The Diamond Sutra
The Lotus Sutra
The Diamond Sutra was written in India in the 4th century. It takes the form of a conversation between the Gautama Buddha and his disciple Subhuti in front of the monastery students, after they have finished their daily walk to beg for food. In front of the assembled monks, Subhuti asks the Buddha a question, and there follows a conversation about those who seek enlightenment (the Tathagata) and those who have attained enlightenment (the Bodhisattva). The underlying theme of the work is the unity of all things, and the quest of the monk to directly see and experience this unity. The title of the Sutra refers to the multiple facets of a diamond, which each reflect the whole.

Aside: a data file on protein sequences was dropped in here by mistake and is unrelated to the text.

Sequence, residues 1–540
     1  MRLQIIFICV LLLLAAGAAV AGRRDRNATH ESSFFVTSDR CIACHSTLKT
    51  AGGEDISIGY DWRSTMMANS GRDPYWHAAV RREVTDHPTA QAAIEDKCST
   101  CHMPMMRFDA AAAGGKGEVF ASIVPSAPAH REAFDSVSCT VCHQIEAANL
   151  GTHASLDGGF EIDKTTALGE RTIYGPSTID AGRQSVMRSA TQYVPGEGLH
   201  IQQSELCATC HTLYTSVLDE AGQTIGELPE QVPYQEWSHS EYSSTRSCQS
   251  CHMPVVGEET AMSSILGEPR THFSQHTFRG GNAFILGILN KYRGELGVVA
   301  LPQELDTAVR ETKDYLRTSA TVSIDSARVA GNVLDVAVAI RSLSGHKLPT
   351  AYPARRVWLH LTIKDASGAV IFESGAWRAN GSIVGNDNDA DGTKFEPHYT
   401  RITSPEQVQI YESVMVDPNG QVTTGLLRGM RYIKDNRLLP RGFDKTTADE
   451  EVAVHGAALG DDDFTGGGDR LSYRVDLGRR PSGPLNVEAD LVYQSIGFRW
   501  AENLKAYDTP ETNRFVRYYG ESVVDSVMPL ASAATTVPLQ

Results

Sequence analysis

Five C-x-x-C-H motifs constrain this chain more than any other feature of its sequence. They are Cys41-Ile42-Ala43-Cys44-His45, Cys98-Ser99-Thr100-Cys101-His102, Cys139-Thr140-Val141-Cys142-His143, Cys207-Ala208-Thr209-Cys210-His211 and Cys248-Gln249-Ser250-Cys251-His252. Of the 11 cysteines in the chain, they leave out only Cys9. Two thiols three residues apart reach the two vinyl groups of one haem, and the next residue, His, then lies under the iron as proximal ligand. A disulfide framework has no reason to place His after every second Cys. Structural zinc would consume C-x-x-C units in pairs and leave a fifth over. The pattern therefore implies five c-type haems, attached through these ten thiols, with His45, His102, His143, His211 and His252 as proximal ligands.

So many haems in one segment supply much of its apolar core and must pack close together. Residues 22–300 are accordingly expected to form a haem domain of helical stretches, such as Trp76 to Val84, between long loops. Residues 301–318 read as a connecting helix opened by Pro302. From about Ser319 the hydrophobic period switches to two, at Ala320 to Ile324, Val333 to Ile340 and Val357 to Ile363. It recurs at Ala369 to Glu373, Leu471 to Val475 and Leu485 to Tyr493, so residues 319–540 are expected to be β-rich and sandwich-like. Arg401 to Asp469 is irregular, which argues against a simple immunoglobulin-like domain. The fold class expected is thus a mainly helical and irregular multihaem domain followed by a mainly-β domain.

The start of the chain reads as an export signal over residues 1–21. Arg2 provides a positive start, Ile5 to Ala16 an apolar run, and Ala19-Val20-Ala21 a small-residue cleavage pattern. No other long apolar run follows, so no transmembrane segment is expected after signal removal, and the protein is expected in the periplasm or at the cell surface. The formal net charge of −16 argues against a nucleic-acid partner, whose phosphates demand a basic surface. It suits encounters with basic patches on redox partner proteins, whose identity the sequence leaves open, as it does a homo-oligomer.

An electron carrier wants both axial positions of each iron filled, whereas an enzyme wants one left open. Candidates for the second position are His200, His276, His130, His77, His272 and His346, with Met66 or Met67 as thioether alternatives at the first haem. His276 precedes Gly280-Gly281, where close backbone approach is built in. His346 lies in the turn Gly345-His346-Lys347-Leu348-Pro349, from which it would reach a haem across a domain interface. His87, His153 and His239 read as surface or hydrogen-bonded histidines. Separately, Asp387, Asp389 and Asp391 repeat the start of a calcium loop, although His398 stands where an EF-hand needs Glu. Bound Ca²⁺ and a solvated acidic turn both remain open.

In the 5th century, the Diamond Sutra was translated into Chinese by the Indian scholar Kumarajiva. A copy of this translation, printed with carved wood blocks, is in the possession of the British Library. It bears the inscription "Reverently produced for free distribution by Wang Jie on behalf of his parents, on the 15th of the 4th moon of the 9th year of Xiantong". This dates the copy to May 868 CE, during the T'ang Dynasty, making it the oldest known complete printed book which bears a date-almost 600 years older than Gutenberg's Bible.